Today Jane has another problem. There's a bug somewhere. She runs her tests and narrows it down to some new code she's written in the past week.

Her debugging leads her to a CPAN module she added a few days ago. With a little more work, she discovers that one particular method doesn't handle an edge case that her code provides. Fortunately, that module's page on has a link to a public source code repository. She can check out the latest version and see if that solves her problem.

Today, it doesn't -- but that's okay. The CPAN page also explains where the author prefers to receive bug reports. Now Jane has options. She can write a test with her example and attach it as a patch to apply to the repository. She can write a general explanation and see if that triggers something in the author's mind.

Jane's motivated, today. She writes a test. She peeks inside the module's implementation and realizes that a single line of code will make the test pass. She writes that code -- and all of the tests pass.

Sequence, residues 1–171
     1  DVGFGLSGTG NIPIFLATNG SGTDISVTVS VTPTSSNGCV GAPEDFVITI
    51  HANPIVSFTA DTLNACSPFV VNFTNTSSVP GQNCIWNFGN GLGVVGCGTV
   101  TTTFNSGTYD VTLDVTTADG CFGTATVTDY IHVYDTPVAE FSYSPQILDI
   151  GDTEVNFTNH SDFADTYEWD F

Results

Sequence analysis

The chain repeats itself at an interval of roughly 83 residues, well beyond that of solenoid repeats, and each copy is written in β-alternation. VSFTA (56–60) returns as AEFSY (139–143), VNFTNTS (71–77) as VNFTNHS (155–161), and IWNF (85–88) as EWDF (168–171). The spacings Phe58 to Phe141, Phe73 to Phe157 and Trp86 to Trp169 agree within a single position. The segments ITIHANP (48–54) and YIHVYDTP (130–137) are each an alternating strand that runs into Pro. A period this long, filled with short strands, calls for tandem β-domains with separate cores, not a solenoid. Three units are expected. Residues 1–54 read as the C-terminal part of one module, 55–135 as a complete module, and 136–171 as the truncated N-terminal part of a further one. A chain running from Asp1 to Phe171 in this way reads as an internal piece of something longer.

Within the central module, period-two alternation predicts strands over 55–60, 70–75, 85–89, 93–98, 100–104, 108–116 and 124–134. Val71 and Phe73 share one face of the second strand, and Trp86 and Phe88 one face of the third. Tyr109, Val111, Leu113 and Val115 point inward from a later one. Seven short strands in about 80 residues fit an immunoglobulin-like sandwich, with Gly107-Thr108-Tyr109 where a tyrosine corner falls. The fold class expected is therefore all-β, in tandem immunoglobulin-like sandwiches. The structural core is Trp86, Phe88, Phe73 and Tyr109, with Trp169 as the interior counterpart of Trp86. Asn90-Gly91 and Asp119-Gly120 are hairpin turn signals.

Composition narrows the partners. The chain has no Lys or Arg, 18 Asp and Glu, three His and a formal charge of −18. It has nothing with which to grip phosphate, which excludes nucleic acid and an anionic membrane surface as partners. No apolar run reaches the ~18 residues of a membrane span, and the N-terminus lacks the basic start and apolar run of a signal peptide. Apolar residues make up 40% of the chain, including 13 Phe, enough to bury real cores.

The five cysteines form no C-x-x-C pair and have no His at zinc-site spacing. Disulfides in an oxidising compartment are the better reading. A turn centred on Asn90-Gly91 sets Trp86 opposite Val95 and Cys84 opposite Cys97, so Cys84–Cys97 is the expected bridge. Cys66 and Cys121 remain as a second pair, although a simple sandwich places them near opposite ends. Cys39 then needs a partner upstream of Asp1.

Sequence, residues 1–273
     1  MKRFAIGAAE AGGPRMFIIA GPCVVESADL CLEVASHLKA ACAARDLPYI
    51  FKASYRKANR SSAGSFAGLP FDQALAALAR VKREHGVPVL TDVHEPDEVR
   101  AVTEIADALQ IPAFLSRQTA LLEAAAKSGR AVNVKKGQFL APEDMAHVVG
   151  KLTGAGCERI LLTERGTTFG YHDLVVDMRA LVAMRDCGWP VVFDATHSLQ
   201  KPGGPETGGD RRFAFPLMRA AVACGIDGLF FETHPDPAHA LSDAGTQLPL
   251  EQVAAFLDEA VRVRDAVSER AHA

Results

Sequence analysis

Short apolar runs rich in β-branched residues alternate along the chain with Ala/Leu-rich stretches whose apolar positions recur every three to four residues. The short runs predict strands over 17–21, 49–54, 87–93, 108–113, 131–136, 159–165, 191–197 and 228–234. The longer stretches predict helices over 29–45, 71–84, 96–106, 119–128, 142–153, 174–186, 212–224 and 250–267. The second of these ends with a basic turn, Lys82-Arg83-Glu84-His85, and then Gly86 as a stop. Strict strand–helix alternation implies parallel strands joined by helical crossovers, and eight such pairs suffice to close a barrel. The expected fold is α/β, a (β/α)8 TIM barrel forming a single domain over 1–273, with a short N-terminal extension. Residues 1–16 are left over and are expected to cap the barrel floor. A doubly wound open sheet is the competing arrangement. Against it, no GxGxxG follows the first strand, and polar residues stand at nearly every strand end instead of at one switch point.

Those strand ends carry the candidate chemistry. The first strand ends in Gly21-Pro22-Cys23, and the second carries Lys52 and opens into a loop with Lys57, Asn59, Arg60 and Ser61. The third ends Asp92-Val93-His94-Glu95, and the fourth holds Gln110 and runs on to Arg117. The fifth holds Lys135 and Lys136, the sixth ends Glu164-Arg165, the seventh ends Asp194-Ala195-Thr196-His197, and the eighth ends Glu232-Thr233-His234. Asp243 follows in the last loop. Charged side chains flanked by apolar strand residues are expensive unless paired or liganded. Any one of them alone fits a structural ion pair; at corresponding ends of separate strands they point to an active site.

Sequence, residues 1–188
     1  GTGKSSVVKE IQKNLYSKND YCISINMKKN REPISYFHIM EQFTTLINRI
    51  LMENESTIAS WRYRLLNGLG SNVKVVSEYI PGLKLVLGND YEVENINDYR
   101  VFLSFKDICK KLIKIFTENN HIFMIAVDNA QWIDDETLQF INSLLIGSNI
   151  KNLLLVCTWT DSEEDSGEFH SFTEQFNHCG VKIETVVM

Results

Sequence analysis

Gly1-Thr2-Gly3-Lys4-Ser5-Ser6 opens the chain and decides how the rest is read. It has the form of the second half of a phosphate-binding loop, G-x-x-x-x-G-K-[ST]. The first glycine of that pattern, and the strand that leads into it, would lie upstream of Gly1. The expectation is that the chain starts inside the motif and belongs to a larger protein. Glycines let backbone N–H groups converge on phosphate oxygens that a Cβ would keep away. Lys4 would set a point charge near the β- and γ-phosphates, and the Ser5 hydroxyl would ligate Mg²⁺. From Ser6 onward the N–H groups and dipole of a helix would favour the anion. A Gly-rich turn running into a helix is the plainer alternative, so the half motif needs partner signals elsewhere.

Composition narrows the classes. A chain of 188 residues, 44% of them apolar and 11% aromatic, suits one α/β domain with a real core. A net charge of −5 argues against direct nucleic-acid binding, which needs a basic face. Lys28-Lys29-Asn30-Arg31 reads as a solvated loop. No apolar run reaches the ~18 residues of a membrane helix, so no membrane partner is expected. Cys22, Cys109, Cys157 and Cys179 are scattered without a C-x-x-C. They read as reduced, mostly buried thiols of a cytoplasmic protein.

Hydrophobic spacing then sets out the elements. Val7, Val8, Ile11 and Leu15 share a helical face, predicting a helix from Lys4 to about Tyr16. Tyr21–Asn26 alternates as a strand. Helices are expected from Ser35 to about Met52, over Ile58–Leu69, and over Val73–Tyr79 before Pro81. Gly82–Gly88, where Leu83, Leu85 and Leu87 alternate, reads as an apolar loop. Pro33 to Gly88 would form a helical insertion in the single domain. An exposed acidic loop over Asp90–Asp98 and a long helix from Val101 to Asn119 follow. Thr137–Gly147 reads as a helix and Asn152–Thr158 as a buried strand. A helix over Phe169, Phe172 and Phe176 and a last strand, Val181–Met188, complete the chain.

She submits the bug report and her patches to CPAN's bug tracker. The author applies the patch and releases a new version of the distribution on the CPAN and the world is a little bit better for a little bit of cooperation between a couple of motivated people.

This is how Perl happens.

The Perl 5 core? Thousands of people have sent one or more little patch to correct a typo or add a new feature or update a core module or improve the documentation or fix a bug or speed up an existing feature or to make it work on a new platform. That's thousands of volunteers, motivated by the desire to make the world a little bit better -- sometimes for themselves or their employers and sometimes for other people.